Climate anxiety is affecting an increasingly large number of people in the world. The feelings of eco-anxiety have been spreading over the past decades. In the largest survey of its kind held last year, nearly 60 percent of respondents between the ages of 16 and 25 years said they felt worried or extremely worried about climate change. 56 percent said that they felt that humanity was already doomed.
As global warming continues to disrupt weather patterns and change climatic conditions, the frequency and intensity of weather-related disasters are increasing every year. From raging forest fires to intense heat waves to floods, hurricanes, cloud bursts and more, the world is feeling the wrath of nature as climatic systems become increasingly destabilised.
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After decades of stubbornness, several nations and corporations are finally starting to act on reducing carbon emissions. But their efforts are not only too late but also too little. The commitments made at the COP26 summit in Glasgow last year failed to impress many, with China and India’s decision to dilute the strength of the commitment made against fossil fuel particularly standing out.
In these conditions, more and more individuals are faced with a sense of impending doom in the coming decades as a result of climate change. This ‘eco-anxiety’ is affecting more and more individuals, and psychologists are struggling to keep up.
What is eco-anxiety?
The term ‘eco-anxiety’ has been defined by the American Psychological Association (APA) as “a chronic fear of environmental doom”. Experts say striking visuals that people see on their screens almost on a daily basis, along with the news of locals turning into refugees due to multiple environmental crises, is causing young people to become ‘eco-anxious.’
The feelings of eco-anxiety have been spreading over the past decades.
Last year in the largest survey of its kind, nearly 60 percent of respondents between the ages of 16 and 25 years said they felt worried or extremely worried about climate change. 56 percent said that they felt that humanity was already doomed.
The survey was conducted by researchers from the University of Bath on 10,000 individuals spread out across 10 countries: UK, Finland, France, USA, Australia, Portugal, Brazil, India, Philippines and Nigeria.
Seventy-four percent of Indian respondents feel that humanity is doomed, the highest among all countries surveyed. Four out of five Indian youth believed that the future is frightening, with 67 percent of the respondents believing that they would have fewer opportunities than their parents due to climate change.
What are therapists doing?
Despite the growing menace of eco-anxiety, many counsellors are ill-prepared to combat such issues. Ecopsychology was not a field that even existed a decade ago. “The psychological impacts of global climate change” was perhaps one of the first studies in which researchers realised that climate change will have a tremendous psychological impact on millions around the world, not only those who are ‘directly’ affected but also those who are following the developments from privileged areas of the world.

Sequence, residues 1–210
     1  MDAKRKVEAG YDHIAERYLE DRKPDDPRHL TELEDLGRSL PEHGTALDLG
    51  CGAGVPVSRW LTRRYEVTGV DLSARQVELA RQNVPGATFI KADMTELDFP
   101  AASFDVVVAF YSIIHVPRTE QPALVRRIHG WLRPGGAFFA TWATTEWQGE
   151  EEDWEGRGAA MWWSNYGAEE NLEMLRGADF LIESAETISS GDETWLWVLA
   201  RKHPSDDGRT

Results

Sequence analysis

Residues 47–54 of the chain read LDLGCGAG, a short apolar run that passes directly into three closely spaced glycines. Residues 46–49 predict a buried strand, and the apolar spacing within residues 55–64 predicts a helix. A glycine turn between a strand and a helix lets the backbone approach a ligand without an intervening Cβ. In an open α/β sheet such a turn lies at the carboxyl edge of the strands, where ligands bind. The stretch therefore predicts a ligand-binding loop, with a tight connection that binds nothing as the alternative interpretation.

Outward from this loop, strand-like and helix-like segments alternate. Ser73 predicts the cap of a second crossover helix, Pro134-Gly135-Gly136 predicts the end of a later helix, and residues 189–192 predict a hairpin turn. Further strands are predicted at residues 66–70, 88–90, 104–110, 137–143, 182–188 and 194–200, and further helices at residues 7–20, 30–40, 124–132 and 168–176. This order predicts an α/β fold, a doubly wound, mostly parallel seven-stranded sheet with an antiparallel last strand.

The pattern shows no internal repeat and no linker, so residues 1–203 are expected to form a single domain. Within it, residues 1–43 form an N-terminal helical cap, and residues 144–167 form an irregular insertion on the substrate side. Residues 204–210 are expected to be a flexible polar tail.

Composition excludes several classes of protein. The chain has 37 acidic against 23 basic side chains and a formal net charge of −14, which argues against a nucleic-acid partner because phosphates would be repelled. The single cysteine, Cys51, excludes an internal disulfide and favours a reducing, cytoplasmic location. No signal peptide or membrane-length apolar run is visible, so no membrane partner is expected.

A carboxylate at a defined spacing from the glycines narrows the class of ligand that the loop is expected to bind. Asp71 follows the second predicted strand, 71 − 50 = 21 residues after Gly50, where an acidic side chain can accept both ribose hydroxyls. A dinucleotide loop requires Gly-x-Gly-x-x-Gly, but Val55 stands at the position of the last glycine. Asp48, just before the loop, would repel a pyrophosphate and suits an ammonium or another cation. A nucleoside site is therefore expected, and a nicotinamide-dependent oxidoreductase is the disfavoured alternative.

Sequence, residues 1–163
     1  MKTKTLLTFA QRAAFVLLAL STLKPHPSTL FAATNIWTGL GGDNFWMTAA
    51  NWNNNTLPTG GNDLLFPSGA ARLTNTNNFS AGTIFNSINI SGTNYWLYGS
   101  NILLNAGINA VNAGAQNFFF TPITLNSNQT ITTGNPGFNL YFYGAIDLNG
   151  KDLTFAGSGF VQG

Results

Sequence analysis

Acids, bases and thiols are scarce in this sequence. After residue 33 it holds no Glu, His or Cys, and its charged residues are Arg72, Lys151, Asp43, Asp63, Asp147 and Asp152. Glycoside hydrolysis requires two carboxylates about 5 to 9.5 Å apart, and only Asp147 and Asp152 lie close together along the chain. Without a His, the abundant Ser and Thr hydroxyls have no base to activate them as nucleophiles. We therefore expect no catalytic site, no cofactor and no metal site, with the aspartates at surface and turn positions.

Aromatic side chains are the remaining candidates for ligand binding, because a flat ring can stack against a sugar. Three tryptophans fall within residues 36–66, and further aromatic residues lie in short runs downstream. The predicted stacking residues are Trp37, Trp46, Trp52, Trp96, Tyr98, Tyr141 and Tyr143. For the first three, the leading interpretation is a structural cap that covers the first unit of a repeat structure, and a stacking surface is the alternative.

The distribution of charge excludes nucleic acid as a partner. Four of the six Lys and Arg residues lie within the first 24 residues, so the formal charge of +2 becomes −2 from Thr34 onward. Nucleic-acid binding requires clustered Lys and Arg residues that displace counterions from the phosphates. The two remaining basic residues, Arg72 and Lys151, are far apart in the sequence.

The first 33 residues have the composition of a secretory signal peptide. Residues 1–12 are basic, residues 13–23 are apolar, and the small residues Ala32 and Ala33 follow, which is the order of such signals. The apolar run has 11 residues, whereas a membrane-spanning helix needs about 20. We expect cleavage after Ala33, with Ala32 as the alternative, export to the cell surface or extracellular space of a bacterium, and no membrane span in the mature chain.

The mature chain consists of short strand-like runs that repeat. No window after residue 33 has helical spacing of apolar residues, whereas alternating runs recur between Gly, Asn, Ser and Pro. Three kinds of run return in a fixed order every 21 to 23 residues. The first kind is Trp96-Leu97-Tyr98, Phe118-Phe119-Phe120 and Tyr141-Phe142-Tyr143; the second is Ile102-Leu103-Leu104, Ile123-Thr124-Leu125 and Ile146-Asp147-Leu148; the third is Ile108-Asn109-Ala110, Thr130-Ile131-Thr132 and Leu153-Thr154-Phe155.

Dr Thomas J Doherty, one of the authors of the paper, who saw many affected individuals, set up a clinical psychological practice to help those suffering from eco-anxiety, reported the New York Times. While Dr Doherty uses more traditional techniques like Cognitive Behaviour Therapy, he has also inculcated more unusual techniques like logotherapy, or existential therapy, which is a field founded by Viktor E Frankl, a German concentration camp survivor.
At the same time, many eco-anxious people still have to deal with counsellors who don’t understand the source of their distress or instead downplay them.
“Right now there are no (climate-related) requirements in any licensures, in psychiatry, psychology, social work, counselling. No school or licensing board is requiring any training in these fields. Which is why these therapists, who are just people too, don’t recognise what (those feelings) are really about. It gets put back on the client. It’s a terrible thing. But I think it will change,” explained psychologist Leslie Davenport in an interview to Grist, an American non-profit online magazine that focuses on environmental news.
Therapists seeing an increase in patients
The psychosocial demands of the climate crisis call for an examination of how our clinical formulations and treatments can reinforce counterproductive extracting, hyper individuation, monetising, producing, consuming, and commodifying self-identities and values, said Gary Belkin, the former executive deputy commissioner of the New York City Department of Mental Health and Hygiene, in an op-ed published in Psychiatric News, a newsletter published by the American Psychiatric Association.
"We are all psychologically unprepared to face the accelerating existential crisis of climate and ecological change that will further deepen other destructive fault lines in our society,” Belkin added.
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(Edited by : Thomas Abraham)